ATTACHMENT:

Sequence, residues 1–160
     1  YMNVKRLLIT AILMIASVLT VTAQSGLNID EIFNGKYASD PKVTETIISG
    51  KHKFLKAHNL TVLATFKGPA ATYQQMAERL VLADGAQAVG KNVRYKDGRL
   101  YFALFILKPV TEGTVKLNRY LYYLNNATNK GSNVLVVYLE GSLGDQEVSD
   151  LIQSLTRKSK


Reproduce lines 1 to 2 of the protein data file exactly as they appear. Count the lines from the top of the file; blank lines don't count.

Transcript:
Sequence, residues 1–160
     1  YMNVKRLLIT AILMIASVLT VTAQSGLNID EIFNGKYASD PKVTETIISG